And so, the saying goes, “Three Monks, no water.”

I need another story…

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The Torch

Children’s author, poet, broadcaster… Michael Rosen often goes for anecdote-poems. Here’s a favourite:

Here’s the story he tells if your connection is slow –

The Torch

I nagged my parents for a torch:
– I’d love a torch, oh go on, one of those ones with
the black rubber round them, go on, go on…
It was no good. I wasn’t getting anywhere. Then came
my birthday. On the table was a big box. In the box, a
torch. My dad took it out of the box:
– You see that torch, he says, it’s waterproof. That is a
waterproof torch.
So that night I got into the bath and went underwater
swimming with it: breathe in, under the water, switch on,
search for shipwrecks and treasure. Up, breathe, under
again, exploring the ocean floor. Then the torch went out.
I shook it and banged it but it wouldn’t go. I couldn’t
get it to go again. My birthday torch. So I got out the
bath, dried myself off, put on my pyjamas and went
into the kitchen.
– The – er – torch won’t work. ‘S broken.
– And my dad says, What fo you mean, ‘It\’s broken’? It
couldn’t have just broken. How did it break?
– I dunno it just went off.
– I don’t believe it. You ask him a simple question and
you never get a simple answer. You must have been
doing something with it.
– No, no, no, it just went off.
– Just try telling the truth, will you? How did it break?
– I was underwater swimming with it.
– Are you mad? When I said this torch is waterproof, I
meant it keeps the rain off. I didn’t mean you could go
bloody deep-sea diving with it. Ruined. Completely
ruined. For weeks and weeks he nags us stupid that he
wants one of these waterproof torches and the first thing
he does is wreck it. How long did it last? Two minutes?
Three minutes? These things cost money, you know.
At the weekend, he says,
– We’re going into Harrow to take the torch back.
We walk into the shop, my dad goes up to the man at the
counter and says,
– You see this torch. I bought it from you a couple of weeks
ago. It’s broken.
So the man picks it up.
– It couldn’t have just broken, says the man, how did
it break?
– And my dad says, I dunno, it just went off.
– Come on, says the man, these torches don’t just
break down. You must have been doing something with it.
– So I said, Well actually, I was in the –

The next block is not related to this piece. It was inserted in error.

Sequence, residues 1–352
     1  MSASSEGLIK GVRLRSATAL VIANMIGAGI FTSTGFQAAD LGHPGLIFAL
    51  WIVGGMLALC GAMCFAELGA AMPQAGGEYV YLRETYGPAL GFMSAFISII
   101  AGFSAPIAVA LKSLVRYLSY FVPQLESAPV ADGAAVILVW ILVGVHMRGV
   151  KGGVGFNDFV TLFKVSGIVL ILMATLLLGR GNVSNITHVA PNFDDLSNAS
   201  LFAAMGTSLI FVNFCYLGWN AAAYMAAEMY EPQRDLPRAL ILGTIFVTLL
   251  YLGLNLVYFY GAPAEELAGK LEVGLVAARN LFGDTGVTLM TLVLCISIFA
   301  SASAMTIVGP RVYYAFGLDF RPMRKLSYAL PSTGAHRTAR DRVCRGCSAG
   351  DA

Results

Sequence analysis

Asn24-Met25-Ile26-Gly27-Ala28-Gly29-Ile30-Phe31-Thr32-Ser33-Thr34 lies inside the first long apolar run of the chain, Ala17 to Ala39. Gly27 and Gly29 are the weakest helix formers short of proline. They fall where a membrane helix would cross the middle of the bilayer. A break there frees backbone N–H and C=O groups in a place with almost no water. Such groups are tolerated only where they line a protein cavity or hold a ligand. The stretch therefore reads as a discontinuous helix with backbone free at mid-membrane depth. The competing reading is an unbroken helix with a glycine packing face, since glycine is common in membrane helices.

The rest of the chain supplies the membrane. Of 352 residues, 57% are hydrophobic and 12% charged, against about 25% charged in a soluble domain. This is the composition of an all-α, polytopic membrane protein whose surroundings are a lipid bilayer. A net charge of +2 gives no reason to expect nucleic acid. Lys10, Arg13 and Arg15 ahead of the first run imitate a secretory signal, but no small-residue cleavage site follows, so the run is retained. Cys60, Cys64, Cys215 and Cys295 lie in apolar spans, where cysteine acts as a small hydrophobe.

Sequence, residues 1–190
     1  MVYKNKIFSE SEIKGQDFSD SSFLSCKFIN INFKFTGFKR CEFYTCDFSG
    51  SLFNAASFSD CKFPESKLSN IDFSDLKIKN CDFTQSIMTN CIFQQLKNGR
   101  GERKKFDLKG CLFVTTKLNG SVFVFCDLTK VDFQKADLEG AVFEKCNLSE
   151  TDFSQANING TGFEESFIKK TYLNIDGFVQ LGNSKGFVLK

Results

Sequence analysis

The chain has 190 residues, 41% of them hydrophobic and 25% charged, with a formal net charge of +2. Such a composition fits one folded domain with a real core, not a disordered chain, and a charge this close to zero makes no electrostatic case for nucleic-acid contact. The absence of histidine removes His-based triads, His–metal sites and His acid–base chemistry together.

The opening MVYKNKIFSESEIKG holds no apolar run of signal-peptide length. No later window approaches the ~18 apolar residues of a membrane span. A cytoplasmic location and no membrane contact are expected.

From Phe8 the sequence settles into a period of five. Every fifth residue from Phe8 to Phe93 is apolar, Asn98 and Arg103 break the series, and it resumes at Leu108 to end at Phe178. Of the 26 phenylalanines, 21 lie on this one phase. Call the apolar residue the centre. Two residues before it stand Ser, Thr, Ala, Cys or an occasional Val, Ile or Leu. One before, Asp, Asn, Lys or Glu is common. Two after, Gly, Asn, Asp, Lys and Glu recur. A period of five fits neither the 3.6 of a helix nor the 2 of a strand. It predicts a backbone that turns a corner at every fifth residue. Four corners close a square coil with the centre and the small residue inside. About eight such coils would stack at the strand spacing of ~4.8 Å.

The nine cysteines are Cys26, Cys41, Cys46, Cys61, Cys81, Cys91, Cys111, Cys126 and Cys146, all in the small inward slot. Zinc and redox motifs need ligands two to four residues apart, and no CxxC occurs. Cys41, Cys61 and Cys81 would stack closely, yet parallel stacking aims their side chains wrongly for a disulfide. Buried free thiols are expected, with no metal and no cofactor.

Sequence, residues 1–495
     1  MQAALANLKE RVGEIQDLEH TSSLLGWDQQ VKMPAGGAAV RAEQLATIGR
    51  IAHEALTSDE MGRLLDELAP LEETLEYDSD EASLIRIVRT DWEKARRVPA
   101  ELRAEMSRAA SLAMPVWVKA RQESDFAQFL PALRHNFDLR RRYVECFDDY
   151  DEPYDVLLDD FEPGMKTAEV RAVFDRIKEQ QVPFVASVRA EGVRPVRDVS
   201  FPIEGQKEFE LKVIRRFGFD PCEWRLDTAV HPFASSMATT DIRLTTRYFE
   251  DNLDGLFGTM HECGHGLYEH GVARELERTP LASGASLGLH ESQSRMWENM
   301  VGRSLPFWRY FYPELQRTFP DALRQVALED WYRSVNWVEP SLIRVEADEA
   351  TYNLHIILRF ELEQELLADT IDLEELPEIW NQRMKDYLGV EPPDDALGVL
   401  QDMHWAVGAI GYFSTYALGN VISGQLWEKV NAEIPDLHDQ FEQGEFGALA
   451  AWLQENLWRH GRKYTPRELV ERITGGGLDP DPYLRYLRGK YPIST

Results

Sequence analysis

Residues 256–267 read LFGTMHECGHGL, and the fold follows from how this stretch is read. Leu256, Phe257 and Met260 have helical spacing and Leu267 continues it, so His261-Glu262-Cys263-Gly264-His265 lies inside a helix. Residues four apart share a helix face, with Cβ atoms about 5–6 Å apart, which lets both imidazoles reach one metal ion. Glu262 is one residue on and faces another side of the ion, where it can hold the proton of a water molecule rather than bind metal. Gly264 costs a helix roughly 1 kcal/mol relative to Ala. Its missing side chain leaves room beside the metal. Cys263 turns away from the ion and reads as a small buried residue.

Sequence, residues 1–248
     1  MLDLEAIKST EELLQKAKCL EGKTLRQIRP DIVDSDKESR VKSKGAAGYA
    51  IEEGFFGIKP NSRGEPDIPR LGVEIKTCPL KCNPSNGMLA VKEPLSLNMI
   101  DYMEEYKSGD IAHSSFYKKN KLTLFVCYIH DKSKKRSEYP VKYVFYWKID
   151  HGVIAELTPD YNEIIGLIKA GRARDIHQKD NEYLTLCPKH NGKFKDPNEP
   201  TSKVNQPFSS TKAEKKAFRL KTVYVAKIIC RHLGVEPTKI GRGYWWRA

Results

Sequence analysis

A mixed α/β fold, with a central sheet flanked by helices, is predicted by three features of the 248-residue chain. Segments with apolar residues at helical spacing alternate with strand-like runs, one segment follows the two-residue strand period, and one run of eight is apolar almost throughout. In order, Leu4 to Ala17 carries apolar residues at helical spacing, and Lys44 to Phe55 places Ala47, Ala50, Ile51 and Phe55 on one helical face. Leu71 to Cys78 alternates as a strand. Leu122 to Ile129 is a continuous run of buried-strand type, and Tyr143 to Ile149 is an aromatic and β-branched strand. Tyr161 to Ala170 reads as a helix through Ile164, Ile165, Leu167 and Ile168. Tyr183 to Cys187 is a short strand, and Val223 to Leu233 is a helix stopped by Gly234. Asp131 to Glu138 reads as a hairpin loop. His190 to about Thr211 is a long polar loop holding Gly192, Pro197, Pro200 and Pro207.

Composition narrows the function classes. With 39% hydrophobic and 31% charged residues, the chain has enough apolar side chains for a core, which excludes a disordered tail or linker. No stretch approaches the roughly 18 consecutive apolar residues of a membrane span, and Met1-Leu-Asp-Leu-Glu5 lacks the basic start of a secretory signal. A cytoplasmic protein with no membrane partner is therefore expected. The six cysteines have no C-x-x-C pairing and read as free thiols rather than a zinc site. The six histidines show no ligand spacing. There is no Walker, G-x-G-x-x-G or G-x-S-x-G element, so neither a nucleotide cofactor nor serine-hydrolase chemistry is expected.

And I got a kick in the ankle from my dad.
– I was in the – er – oh yeah – the kitchen and it went off.
So the man said he would take it out the back to show
Len. He came back in a few minutes and said that Len
couldn’t get it to work either.
– You’ll have to have a new one, he says.
– I should think so too, says my dad. Thank YOU!
Outside the shop, my dad says to me,
– What’s the matter with you? You were going to tell him
all about your underwater swimming fandango, weren’t you?
Are you crazy?

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sticks and rivers


Given that the water in rivers makes up only an amazingly tiny 0.0002 percent of the water on our planet, it features disproportionately in stories.

For example there is the game where you drop sticks on one side of a bridge and run over to the other side to see whose stick has won, sometimes called Poohsticks after the famous Winnie the Pooh:

Pooh had just come to the bridge; and not looking where he was going, he tripped over something, and the fir-cone jerked out of his paw into the river. ‘Bother,’ said Pooh, as it floated slowly under the bridge, and he went back to get another fir-cone which had a rhyme to it. But then he thought that he would just look at the river instead, because it was a peaceful sort of day, so he lay down and looked at it, and it slipped slowly away beneath him, and suddenly, there was his fir-cone slipping away too.

‘That’s funny,’ said Pooh. ‘I dropped it on the other side,’ said Pooh, ‘and it came out on this side! I wonder if it would do it again?’ And he went back for some more fir-cones. It did. It kept on doing it. Then he dropped two in at once, and leant over the bridge to see which of them would come out first; and one of them did; but as they were both the same size, he didn’t know if it was the one which he wanted to win, or the other one. So the next time he dropped one big one and one little one, and the big one came out first, which was what he had said it would do, and the little one came out last, which was what he had said it would do, so he had won twice … and when he went home for tea, he had won thirty-six and lost twenty-eight, which meant that he was – that he had – well, you take twenty-eight from thirty-six, and that’s what he was. Instead of the other way round.

And that was the beginning of the game called Poohsticks, which Pooh invented, and which he and his friends used to play on the edge of the Forest. But they played with sticks instead of fir-cones, because they were easier to mark.’

This is a game that Sam and I have played in the forest of course, though the little streams pass under the paths in pipes, and most usually the sticks get stuck.

And then there is the possibility of following the water to its destination…
or perhaps to its source…
or damming it up for a while…